© Killen photo
Orlando McKay holds up a signed staement from his daughter, who accepts responsibility for the cellphones. The company is still pressuring the Orlandos for the outstanding bill of $2,100.
An Annapolis County couple is shocked at how fast a person can run up cellphone charges and leave someone else stuck with the bill.
Orlando and Cathy McKay, of Albany, say they’ve received a $2,100 collection bill for cell phones they didn’t know they had.
While she was living in the Middleton area last year, their daughter used her father’s name, birth date, and social insurance number without his knowledge to get herself a few cell phones.
“It’s friggin’ scary,” said Orlando McKay. “I can’t believe you can just call up a company and get a cell phone in someone else’s name without their knowledge, or permission.”
The same woman was charged last year with several theft related incidents, but until now the McKays didn’t realize that she had used his ID to run up additional bills for cellphones.
Even though they have a signed statement from her, accepting full responsibility for the bill, they say the company’s collection department is trying to shake them down for the money.
The cellphone company is pressuring them to find a current address for her as well as disclose her personal information. While they have an idea where she is living, it’s difficult to obtain proof of her address.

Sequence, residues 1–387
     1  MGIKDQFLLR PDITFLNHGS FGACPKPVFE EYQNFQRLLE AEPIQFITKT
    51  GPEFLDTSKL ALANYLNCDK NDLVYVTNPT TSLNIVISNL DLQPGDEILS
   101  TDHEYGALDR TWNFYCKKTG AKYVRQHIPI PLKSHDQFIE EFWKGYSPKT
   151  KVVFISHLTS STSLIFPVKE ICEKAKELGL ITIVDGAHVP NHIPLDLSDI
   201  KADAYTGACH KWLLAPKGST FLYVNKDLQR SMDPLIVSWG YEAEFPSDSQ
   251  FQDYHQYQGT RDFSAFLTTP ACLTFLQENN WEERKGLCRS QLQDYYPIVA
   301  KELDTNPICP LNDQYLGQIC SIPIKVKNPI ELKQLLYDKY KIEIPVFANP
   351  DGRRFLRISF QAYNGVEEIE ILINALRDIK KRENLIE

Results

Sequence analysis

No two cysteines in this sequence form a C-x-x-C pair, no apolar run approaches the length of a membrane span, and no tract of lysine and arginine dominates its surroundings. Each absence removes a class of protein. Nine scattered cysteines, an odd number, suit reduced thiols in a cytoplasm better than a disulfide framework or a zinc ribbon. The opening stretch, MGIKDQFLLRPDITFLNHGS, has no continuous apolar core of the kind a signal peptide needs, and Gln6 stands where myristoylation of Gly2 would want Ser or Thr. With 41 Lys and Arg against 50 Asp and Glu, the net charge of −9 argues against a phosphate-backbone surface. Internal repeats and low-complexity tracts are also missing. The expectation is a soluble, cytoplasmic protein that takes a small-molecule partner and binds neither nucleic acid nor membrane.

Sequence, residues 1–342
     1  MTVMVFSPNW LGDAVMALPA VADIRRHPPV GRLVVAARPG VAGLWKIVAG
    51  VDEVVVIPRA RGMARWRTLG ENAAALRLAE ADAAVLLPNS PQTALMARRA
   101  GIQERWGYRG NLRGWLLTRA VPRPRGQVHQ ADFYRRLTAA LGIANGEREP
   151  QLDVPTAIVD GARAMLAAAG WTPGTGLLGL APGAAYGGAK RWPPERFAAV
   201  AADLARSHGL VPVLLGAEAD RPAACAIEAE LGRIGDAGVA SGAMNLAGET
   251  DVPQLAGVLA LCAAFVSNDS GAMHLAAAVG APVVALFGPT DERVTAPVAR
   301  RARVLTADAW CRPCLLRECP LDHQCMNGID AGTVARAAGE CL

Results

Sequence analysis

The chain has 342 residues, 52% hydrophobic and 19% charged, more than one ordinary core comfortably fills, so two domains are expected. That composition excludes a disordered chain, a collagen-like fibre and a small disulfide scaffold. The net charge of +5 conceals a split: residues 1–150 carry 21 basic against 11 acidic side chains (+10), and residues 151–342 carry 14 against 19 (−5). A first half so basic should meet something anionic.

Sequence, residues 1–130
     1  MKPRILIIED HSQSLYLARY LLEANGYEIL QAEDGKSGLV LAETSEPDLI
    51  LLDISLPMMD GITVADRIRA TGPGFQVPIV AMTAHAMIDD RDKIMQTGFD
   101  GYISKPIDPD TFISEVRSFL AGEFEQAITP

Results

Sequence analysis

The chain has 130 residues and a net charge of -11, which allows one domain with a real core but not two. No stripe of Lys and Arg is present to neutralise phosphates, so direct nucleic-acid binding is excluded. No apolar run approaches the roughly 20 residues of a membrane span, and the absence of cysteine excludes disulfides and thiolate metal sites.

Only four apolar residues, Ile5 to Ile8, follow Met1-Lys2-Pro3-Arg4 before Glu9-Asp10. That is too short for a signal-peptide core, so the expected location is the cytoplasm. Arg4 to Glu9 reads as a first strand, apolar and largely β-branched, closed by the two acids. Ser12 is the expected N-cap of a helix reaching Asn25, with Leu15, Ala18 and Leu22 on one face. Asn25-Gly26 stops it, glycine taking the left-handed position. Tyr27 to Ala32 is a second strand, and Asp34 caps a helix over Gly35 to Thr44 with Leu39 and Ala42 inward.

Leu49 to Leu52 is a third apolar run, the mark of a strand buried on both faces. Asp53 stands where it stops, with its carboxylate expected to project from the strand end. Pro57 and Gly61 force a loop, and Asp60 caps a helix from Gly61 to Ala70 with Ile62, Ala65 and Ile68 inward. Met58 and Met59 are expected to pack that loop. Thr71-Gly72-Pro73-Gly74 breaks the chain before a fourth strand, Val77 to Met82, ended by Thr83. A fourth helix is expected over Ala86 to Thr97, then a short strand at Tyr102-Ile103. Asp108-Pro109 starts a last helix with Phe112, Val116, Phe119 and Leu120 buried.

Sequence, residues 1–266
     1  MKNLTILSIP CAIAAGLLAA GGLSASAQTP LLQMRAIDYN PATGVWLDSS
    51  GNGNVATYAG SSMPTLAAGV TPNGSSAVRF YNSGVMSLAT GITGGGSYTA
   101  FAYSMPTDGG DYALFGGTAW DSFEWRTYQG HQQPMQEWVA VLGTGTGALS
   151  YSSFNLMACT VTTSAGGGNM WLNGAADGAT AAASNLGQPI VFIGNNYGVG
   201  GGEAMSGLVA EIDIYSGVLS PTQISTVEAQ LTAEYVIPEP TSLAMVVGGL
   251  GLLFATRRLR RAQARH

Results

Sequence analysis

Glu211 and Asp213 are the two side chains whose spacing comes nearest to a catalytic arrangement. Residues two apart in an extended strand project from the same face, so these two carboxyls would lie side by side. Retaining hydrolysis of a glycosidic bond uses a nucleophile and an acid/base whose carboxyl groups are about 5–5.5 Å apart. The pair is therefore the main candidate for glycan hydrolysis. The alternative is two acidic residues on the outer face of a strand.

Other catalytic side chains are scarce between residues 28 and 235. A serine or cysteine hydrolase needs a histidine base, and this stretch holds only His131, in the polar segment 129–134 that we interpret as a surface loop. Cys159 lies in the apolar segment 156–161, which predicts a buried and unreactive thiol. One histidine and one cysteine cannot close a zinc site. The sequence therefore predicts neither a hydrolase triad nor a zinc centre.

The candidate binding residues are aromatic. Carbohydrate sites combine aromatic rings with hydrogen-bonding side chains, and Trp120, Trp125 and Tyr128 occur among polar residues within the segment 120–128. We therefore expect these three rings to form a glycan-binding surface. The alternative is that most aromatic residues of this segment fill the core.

They say the company is taking the position that because she is a family member, the incident isn’t a fraud case. The McKays says they are cash-crunched this summer and can’t pay the outstanding amount to pull the amount from collection.
Tropical storm Arthur damaged the main power line to their house and after going 11 days without electricity, they tapped out their emergency overdraft to have the roof mast repaired in order to have the main power restored.
“We’re living on what I get picking beans each week,” says Cathy McKay. “It’s not acceptable that this is our responsibility. They gave her the phone, they should get the information.”
The McKays say they have filed charges with the RCMP and are hoping that will help support their claim. In the meantime, they are hoping this doesn’t permanently damage their credit rating.
Kevin Spafford, spokesman for Rogers Communications, says that his company will work with the McKays to resolve this problem.
“Preventing identity theft and fraud is important to us,” he said. “For new accounts we have verification steps in place to ensure the person ordering the service is who they say they are, including requiring two pieces of identification (one of those must be government issued). For account transfers, we verify the identity for both people involved in the transfer using authentication questions based on their specific customer information.”
He added that customers can protect themselves by adding a pin/password to Rogers accounts. Additionally, people can have fraud alerts placed on their credit bureau files that will alert them of any attempts to use their information.